A Gift of Sight
Blindness is a devastating condition all over the world, at any age. For the great majority of people in Haiti, impaired vision can lead to a host of problems—from an increased risk of accidents, to a reduced likelihood of earning a living. Saving a patient’s vision in a country such as Haiti can literally mean the difference between life and death.
Thanks to the generosity of the John Mitchell, Jr. Trust, a longtime donor to HAS, the Ophthalmology Clinic at HAS is able to treat thousands of patients and perform hundreds of ophthalmological surgeries each year. Award-winning ophthalmologist Dr. Reginald Chéry is one of the few ophthalmological specialists practicing in Haiti; ophthalmological care is a rare resource here, especially in rural and medically underserved areas. In his part-time practice at HAS, Dr. Chéry treats patients suffering from cataracts, glaucoma, and other degenerative eye conditions, as well as those who come to HAS with eye injuries caused by collisions and other traumas.
“The John Mitchell, Jr. Trust has supported ophthalmic research and patient care programs for over a decade,” notes foundation trustee Dr. John Payne, a retired ophthalmologist who has volunteered at HAS and helped create HAS’s Ophthalmology Clinic. “We are proud to support Dr. Reginald Chéry, as he brings up-to-date eye care to HAS and performs close to 500 major surgeries, mostly cataracts, a year. It’s a gift of sight.”
Exile is among the patients who have benefited from the Ophthalmology Clinic at HAS. At 65, Exile was at greater-than-normal risk for cataracts and glaucoma because of his age and the fact that he has diabetes. In the months before his treatment at HAS, Exile’s eyesight had slowly worsened until he was almost completely blind. Exile was unable to perform even the most basic tasks by himself, coming to rely on his family for help dressing, bathing, and even eating. Frustrated by the loss of independence and the burden he felt he was becoming, Exile became determined to find help for his condition.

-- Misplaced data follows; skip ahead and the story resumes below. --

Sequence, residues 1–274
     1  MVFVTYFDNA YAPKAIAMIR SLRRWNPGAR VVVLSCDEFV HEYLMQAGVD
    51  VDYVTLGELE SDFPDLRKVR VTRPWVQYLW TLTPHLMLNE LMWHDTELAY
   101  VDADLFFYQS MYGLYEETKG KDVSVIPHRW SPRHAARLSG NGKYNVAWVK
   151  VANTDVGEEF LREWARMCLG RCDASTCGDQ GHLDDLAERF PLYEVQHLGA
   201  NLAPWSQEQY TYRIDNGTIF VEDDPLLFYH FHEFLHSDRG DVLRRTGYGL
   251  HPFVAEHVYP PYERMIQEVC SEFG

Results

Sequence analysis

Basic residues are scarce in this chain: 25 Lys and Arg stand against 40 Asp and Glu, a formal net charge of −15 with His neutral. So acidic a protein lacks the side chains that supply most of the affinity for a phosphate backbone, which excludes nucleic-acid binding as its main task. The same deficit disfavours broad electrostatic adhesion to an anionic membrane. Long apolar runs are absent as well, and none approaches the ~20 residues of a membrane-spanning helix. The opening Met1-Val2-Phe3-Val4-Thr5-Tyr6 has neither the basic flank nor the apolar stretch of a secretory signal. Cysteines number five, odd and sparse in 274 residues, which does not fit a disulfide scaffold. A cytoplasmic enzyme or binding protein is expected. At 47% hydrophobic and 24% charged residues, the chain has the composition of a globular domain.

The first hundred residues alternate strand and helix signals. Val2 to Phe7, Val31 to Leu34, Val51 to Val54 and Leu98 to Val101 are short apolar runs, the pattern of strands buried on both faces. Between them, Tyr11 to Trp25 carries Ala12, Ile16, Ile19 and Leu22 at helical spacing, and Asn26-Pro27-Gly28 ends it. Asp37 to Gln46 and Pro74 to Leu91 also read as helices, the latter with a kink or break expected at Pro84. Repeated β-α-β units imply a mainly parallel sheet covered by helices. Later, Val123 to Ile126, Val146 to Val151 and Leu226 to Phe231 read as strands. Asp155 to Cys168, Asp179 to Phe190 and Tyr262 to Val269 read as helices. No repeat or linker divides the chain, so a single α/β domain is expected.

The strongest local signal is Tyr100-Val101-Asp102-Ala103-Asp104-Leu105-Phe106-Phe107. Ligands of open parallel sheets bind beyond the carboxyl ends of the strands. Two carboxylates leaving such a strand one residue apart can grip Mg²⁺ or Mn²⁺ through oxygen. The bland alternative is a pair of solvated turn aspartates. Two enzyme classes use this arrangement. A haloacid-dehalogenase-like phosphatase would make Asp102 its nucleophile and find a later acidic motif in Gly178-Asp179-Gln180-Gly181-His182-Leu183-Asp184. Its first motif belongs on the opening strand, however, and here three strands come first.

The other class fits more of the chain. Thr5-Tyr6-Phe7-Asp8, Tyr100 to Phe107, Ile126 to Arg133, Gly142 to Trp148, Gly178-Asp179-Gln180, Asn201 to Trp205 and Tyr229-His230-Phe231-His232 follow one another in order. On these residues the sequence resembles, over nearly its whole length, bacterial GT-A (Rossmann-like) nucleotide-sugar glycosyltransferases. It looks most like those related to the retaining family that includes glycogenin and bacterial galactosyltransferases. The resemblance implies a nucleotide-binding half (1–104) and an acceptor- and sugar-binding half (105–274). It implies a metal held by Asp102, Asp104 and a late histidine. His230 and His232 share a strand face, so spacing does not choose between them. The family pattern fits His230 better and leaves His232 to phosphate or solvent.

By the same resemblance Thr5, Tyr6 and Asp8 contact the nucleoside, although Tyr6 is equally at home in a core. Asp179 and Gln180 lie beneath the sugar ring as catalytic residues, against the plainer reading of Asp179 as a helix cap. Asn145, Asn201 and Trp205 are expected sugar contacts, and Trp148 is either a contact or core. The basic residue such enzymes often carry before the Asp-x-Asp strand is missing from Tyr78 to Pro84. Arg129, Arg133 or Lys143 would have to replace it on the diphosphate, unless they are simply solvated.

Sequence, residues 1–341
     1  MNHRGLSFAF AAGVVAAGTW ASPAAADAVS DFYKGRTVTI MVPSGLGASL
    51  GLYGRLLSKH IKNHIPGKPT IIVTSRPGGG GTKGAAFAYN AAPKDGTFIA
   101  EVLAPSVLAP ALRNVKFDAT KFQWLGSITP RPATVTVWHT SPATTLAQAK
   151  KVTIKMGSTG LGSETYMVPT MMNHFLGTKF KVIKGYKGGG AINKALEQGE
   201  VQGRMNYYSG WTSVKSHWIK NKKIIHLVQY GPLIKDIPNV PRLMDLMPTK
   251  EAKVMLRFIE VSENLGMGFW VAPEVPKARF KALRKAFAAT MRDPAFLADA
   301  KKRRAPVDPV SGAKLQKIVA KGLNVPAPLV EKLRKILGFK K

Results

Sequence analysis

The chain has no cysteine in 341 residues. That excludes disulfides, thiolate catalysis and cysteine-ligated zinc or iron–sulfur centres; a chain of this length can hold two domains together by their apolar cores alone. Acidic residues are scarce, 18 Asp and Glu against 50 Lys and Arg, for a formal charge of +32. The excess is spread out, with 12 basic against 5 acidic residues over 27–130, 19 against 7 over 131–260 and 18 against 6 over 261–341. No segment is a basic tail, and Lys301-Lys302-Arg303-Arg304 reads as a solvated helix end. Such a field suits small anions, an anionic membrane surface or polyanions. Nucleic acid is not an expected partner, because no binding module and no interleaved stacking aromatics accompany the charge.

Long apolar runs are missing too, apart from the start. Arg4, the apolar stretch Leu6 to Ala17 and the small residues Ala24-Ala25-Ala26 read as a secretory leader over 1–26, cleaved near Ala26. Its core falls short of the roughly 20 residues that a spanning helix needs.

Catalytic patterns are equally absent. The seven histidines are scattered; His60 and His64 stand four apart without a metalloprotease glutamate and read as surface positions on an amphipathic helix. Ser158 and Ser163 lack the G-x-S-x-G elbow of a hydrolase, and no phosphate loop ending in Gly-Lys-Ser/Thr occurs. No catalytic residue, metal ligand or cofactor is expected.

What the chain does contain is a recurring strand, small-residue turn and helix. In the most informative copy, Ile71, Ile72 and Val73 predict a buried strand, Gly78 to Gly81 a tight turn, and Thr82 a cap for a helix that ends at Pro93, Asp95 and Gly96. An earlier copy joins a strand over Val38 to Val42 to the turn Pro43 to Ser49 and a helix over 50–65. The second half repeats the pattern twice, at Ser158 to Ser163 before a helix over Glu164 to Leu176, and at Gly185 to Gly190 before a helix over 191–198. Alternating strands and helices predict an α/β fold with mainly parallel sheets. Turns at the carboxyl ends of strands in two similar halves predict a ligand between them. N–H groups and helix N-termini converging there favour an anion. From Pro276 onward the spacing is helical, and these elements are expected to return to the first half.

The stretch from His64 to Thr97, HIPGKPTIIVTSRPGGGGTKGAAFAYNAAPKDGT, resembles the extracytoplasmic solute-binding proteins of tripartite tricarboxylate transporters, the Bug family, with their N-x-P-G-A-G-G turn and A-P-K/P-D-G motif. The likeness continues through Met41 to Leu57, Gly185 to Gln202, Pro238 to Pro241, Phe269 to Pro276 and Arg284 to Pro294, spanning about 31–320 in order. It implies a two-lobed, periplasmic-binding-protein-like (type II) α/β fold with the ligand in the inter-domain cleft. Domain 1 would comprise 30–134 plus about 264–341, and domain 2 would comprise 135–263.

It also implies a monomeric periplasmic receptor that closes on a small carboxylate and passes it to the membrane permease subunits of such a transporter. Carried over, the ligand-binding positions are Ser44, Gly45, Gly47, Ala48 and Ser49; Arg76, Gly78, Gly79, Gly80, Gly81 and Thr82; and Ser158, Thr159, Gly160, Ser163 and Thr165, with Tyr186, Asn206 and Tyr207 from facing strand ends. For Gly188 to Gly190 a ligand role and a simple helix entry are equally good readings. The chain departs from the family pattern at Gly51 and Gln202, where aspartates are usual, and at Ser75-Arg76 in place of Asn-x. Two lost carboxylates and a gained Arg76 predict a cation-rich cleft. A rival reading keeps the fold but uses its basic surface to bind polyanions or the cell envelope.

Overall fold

Exile said he and his family chose HAS for its superior reputation—and for the compassion he felt from doctors at HAS. After a visit to the Ophthalmology Clinic at HAS, Exile learned that he had cataracts in both his right and left eyes, complicated further by glaucoma. If left untreated, glaucoma can lead to permanent blindness, so time became of the essence in Dr. Chéry’s diagnosis and treatment of Exile’s conditions.
Exile underwent two surgeries to repair his cataracts (one in each eye), and received care and medications for glaucoma. A day after his second surgery, Exile was already thrilled with the results. “I’m very happy with the treatment I’ve received here,” he says. “Just a month ago, I couldn’t see anything at all!”
“When I was unable to see and couldn’t take care of myself, I just sat in a chair in my house,” Exile continues. “I thought I would perish in that spot.” Now, Exile has regained his independence, and enjoys playing with his grandchildren or simply walking through his town. “Thanks to HAS, I am able to live a full life again,” he says.
Exile’s message to the John Mitchell, Jr. Trust and to other donors who make this care possible: “Thank you, thank you, thank you!”